Goldsmiths University of London: Department of Computing
Professor Tim Crawford is the principal investigator for the Transforming Musicology project.
Professor Crawford worked for 15 years as a professional musician. During that time he played as a lutenist with most of the leading conductors and ensembles active in baroque music, and played on a number of recordings made during the 1980s. In 1989 he received a three-year Leverhulme Fellowship to work on the lute music of Silvius Leopold Weiss.
After some years at King’s College, London (1989-2001) and City University (2001-4), he moved to Goldsmiths, University of London, where he is Professorial Research Fellow. His musicological work is mostly centred around lute music, especially that of the 18th century. He edited the Complete Works (over 650 pieces) of the German lutenist, Silvius Leopold Weiss (1687-1750), an exact contemporary and friend of J.S. Bach. Other research has involved music for the viola da gamba, the early violin and other instruments in Germany, France, Holland and England. Professor Crawford is a founding member of the IMS Study Group on Tablatures in Western Music.
Since the early 1990s he has been active in the rapidly-expanding field of Music Information Retrieval (MIR); he was the UK coordinator for the international project, OMRAS (Online Music Recognition and Searching), which led to the inception of the ISMIR conferences. From 2012-4, he served a two-year term as President of the International Society for Music Information Retrieval.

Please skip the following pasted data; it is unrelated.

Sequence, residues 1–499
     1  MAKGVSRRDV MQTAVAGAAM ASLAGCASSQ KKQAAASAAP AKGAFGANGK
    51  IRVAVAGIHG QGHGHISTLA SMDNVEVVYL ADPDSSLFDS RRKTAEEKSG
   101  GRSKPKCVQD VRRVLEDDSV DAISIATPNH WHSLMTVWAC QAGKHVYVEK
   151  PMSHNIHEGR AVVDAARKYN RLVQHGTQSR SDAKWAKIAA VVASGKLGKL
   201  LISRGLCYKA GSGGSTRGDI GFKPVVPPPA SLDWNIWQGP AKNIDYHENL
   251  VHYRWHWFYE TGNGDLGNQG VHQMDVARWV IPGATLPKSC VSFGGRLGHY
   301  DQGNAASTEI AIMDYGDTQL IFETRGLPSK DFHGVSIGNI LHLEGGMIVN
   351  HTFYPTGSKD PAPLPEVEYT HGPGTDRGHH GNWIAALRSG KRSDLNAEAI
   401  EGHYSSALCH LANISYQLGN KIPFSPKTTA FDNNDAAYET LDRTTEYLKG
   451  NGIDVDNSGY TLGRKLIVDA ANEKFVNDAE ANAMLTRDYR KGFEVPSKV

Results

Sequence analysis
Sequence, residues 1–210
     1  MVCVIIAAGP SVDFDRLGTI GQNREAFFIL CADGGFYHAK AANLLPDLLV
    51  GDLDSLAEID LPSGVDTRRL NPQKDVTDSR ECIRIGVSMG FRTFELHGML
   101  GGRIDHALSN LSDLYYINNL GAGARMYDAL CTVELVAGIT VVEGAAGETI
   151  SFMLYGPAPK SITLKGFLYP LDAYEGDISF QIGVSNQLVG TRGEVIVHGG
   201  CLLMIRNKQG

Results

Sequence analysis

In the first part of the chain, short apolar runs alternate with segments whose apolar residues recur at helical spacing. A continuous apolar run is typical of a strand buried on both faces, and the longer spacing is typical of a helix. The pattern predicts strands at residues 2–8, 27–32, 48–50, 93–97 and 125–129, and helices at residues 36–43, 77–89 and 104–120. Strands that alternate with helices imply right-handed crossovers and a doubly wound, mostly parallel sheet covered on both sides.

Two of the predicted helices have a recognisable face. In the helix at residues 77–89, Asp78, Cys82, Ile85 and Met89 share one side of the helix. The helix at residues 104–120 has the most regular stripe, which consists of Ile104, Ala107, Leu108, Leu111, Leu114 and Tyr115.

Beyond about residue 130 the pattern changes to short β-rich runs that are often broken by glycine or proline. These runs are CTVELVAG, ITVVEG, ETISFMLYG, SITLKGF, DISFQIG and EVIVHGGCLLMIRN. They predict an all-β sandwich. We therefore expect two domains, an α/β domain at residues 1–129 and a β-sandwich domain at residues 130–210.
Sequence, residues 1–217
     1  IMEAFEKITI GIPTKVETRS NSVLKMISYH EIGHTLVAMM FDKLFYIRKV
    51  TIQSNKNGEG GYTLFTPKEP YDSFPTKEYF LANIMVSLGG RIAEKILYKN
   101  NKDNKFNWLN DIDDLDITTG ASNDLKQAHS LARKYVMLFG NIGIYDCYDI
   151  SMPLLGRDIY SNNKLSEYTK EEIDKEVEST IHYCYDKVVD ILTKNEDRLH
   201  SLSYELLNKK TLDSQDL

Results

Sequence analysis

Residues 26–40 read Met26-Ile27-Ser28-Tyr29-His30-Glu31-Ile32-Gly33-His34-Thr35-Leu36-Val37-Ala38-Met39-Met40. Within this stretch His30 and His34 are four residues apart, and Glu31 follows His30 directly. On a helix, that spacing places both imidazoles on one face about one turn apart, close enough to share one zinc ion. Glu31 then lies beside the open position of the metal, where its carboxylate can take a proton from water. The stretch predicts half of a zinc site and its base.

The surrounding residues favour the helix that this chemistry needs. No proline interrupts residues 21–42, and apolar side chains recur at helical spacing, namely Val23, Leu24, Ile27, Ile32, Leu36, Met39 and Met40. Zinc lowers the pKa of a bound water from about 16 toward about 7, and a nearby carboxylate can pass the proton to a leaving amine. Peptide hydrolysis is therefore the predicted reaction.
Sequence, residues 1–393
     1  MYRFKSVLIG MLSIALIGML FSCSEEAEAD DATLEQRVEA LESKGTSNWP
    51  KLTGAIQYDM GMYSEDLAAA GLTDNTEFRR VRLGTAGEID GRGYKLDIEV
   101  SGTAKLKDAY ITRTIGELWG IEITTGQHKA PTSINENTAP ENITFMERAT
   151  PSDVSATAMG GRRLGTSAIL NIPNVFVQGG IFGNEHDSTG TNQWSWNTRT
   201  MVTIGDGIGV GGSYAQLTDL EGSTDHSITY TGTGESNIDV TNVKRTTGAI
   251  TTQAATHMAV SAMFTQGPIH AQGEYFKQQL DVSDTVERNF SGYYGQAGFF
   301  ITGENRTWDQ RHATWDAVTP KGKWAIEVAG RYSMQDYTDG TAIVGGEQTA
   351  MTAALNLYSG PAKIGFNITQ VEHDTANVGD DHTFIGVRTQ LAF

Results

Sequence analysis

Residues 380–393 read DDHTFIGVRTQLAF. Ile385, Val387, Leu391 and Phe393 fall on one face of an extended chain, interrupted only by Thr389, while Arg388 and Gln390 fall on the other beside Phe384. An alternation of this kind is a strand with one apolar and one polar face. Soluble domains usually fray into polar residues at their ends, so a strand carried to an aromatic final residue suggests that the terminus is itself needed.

Other projects for which he has acted as investigator or co-investigator include the Electronic Corpus Of Lute Music, MeTAMuSE (Mellon Foundation); the eScience project Purcell Plus: Exploring an eScience Methodology for Musicologists (AHRC/EPSRC/JISC); and the international MIR project Networked Environment for Music Analysis (Mellon Foundation).
Christophe's research journey began in the field of early-Universe cosmology, where he did his doctoral work in the observational signatures of speculative theories of high-energy physics. Since then, he has worked on problems in music informatics, including semantic audio segmentation, musical score editing software, and similarity search in large audio databases. He also maintains SBCL, a Free Software implementation of Common Lisp, and was Chairman and co-Founder of Teclo Networks, a telecommunications infrastructure supplier. Christophe is a senior lecturer in the Department of Computing at Goldsmiths.
Christophe was co-investigator on the Transforming Musicology project, working principally on audio search and on the relationship between musicology and social media.